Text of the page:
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operationsA year ago a letter to the New Scientist made an extremely good point: that the coal mining process itself causes greenhouse gas emissions on a much larger scale than burning the coal in a power station does, a fact never taken into account by ministers and corporate heads when they spout their ‘clean coal’ rhetoric.

Impossible time scales

The letter was in response to an article by Fred Pearce debating the carbon capture and storage issue. The article was shocking in itself. It pointed out that government and power station operator targets for clean coal technology to be in effect bear to resemblance to industry estimates. A study by the Massachusetts Institute of Technology called The Future of Coal suggests that the first commercial CCS plants won’t be on stream until 2030 at the earliest.

The head of the Edison Electric Institute, which represents most US power generators said that that commercial deployment of CCS will require 25 years of research and development and cost about $20 billion. Shell, though enthusiastic about the technology, doesn’t foresee CCS being in widespread use until 2050.

Governments, on the other hand, invent their own facts to suit their political agendas. The UK government recently approved coal fired power stations so long as they are ‘capture ready’, expecting the technology to be available from 2020. Germany recently approved its new coal power stations only stipulating that the plants must be compatible with any future carbon capture technology, i.e. ‘capture ready’, which as we’ve pointed out many times means a big space next to the power station, and nothing more.

Captured – but for how long?

If this technology is to reduce emissions and combat climate change, CO2 has to be stored safely for many thousands of years. Pearce points out that a leakage rate of 0.01% a year from a geological field used to store CO2 – a suggested industry standard – would see almost two-thirds of the gas released back into the atmosphere and oceans within 10,000 years – not very long on geological time scales.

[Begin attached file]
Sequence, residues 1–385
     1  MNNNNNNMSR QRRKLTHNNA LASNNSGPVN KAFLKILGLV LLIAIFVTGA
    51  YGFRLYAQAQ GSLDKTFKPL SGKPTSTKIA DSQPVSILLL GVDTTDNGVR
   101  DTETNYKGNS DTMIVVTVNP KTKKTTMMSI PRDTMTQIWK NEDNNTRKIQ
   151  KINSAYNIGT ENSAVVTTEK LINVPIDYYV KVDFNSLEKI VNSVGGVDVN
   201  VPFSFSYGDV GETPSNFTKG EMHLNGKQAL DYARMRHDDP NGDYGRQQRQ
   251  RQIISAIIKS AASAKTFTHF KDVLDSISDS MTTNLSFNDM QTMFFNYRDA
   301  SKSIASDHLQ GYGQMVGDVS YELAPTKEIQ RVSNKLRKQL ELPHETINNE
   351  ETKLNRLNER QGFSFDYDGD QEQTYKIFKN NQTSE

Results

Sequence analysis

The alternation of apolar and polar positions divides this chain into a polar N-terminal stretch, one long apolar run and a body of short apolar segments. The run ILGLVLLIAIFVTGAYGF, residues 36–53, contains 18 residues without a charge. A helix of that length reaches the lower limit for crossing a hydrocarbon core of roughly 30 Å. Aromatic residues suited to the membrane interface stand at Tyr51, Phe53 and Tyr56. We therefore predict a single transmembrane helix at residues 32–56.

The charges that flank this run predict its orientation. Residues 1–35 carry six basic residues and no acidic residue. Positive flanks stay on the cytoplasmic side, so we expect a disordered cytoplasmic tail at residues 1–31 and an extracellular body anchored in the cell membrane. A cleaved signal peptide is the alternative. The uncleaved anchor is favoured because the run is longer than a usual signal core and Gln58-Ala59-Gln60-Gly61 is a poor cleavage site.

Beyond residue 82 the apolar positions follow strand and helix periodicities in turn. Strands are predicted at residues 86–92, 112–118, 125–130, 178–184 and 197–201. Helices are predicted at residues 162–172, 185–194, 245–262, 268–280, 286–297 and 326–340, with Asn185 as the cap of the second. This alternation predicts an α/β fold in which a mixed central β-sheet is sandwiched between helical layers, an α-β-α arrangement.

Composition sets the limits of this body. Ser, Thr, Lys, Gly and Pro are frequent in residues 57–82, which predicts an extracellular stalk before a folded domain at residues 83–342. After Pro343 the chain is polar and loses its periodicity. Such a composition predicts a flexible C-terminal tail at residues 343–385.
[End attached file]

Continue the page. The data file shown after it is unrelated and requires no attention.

The problem of storage of nuclear waste is starting to sound familiar, where burdening future generations with our hazardous waste is somehow morally acceptable.

A conservative estimate

We know that the Ed Miliiband line of 90% CO2 emissions reductions from burning coal is a lie, so what’s the real emissions reduction figure? Remember that carbon capture and storage itself consumes a huge amount of energy, anything from 10 to 40% of the energy produced by a fossil-fuel power station.

Pearce uses the the German Aerospace Center in Stuttgart estimate that at best CCS will reduce greenhouse gas emissions from coal-fired power stations by little more than two-thirds and compares that with life-cycle emissions for most renewable energy technologies that are 1 to 4% of those from burning coal.

The REALISTIC estimates

This is where the letter in response by Owen Jordan blows even the seemingly more honest criticisms of CCS out of the water, showing that even a two thirds reduction in emissions is far beyond CCS.

Owen Jordan states that methane, CO2 and carbon monoxide emissions start as soon as the overburden above the coal seams is stripped away, way before the coal reaches the power station. Conservative estimates suggest that these gases alone account for about twice the emissions of the burning of the coal mined.